Happy New Year! I greet you with warmth and wishes for fortitude as we weather the Minnesota winter together. As I reflect on the ideas of stewardship and service, my mind is stuck on one battle like a tongue to a metal pole in January. We battle the weather. We battle influenza outbreaks. We battle staying afloat amid a growing mental health crisis in the singers we lead. Yet the battle I keep sticking to is at the very core of our existence: Can music survive registration season?
This battle is not new. As history shows, music has not always been treated kindly. Yet somehow it survived. We know why. The power of music is hard to put into words, but you have a story about a time it changed you. That’s probably one reason why you’re a member of ACDA and reading this article right now. If we started to ask the people around us when they were changed by music, they could probably tell you a story too.
To be a steward means to supervise or take care of something. I don’t believe we can supervise music- it’s as unruly as a class of 7th grade tenors and basses after eating donuts. But we can take care of it. We can advocate for students to have access. We can advocate for congregations to be served. We can advocate for communities to be elevated through supporting creative organizations. We can! But how?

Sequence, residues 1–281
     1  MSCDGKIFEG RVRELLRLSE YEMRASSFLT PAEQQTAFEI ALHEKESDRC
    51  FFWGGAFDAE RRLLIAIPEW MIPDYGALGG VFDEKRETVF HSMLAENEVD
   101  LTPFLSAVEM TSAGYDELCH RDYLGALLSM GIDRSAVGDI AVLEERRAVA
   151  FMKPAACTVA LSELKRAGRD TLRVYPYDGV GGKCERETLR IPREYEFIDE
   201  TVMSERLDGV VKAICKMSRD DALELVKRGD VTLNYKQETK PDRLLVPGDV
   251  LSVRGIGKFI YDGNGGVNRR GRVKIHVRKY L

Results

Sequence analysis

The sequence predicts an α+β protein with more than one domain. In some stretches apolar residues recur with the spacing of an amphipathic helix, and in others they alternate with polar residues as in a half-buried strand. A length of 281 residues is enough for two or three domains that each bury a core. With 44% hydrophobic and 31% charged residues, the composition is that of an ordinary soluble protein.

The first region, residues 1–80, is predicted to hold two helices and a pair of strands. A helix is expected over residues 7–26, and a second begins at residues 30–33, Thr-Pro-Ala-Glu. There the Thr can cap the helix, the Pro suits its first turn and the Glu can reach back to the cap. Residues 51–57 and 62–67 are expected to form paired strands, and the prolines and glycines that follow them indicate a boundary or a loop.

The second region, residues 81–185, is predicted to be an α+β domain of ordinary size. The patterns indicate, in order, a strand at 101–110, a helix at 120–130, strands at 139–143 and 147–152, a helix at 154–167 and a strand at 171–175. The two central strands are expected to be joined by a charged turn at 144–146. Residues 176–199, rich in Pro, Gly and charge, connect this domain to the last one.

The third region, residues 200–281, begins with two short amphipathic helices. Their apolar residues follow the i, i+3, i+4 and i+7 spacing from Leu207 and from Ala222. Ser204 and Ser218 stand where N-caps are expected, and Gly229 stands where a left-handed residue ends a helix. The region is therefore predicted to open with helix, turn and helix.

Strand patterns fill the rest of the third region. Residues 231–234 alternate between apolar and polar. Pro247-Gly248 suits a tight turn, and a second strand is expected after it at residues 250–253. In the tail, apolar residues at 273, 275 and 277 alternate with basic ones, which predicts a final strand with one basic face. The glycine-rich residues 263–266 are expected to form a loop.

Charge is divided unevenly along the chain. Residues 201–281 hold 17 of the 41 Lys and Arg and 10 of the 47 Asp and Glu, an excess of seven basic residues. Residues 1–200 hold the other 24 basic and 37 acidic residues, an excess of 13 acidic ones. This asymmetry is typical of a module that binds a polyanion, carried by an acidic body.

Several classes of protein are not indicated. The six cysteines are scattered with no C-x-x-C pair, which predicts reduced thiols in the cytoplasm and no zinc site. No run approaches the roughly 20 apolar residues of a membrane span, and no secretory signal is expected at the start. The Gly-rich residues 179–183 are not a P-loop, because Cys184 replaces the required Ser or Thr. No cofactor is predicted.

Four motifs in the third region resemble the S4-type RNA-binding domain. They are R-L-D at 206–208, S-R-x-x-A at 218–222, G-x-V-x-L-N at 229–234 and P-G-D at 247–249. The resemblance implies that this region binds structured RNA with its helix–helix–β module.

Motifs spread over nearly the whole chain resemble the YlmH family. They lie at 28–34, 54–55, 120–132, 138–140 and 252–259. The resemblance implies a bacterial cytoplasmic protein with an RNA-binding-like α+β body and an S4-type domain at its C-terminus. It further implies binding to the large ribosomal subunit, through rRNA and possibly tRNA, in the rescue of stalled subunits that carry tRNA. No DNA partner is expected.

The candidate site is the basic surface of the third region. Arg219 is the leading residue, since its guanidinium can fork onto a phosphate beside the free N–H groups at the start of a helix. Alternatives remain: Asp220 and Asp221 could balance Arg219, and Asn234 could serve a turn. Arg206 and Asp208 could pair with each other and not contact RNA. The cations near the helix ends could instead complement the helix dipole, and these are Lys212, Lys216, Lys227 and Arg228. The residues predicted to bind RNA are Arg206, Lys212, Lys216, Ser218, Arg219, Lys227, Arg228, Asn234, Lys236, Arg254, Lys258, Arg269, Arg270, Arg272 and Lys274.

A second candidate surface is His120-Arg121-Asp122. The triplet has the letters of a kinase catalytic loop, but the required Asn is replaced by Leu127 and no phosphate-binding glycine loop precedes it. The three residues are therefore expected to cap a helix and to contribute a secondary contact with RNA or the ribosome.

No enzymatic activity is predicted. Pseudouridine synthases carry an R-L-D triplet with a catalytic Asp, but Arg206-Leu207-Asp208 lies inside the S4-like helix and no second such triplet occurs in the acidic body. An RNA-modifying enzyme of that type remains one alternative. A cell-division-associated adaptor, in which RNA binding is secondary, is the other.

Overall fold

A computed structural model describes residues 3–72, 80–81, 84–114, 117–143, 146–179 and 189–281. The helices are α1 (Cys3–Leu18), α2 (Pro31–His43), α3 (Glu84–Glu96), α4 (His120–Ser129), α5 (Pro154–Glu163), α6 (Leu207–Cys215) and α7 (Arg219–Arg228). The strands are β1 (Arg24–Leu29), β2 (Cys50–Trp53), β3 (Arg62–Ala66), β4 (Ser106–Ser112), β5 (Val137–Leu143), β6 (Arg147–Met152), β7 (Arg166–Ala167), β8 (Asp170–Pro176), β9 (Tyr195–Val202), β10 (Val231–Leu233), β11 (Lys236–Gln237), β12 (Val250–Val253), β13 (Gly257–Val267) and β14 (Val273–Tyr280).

This is why I wish you fortitude. The search for the right “advocacy tool” is exhausting. Public perception that schools are only supposed to exercise the left hemisphere of the brain suffocates creative subjects. Test scores trump the importance of communal creation. Profit supersedes purpose.
But you still have a story.
And so does that person over there.
And that other person.
And it’s about the power of music.
We Tell Each Other Stories (excerpt)
By Craig Hella Johnson
We tell each other stories so that we will remember
Try and find the meaning in the living of our days
Always telling stories, wanting to remember
Where and whom we came from
Who we are
Share your story. Allow space for the people who sing with you to share theirs. Your voice matters and your story is central to being a steward of choral music. The stories in your ensembles matter. The stories in your sister schools and churches matter. The stories in the school and church you don’t even know exist matter.
Choral music has the power to change people. Stories have the power to change people. So in a moment when choral music relies on your stewardship, share your story. You, and your story, are important. You, and your story, are enough. You are not alone. Carry on, valiant steward!
Amy B. Johnson
I really resonated with this TED talk. Many thanks to my dear colleague Michelle for forwarding it my way.
“We Tell Each Other Stories” from Considering Matthew Shepard by Craig Hella Johnson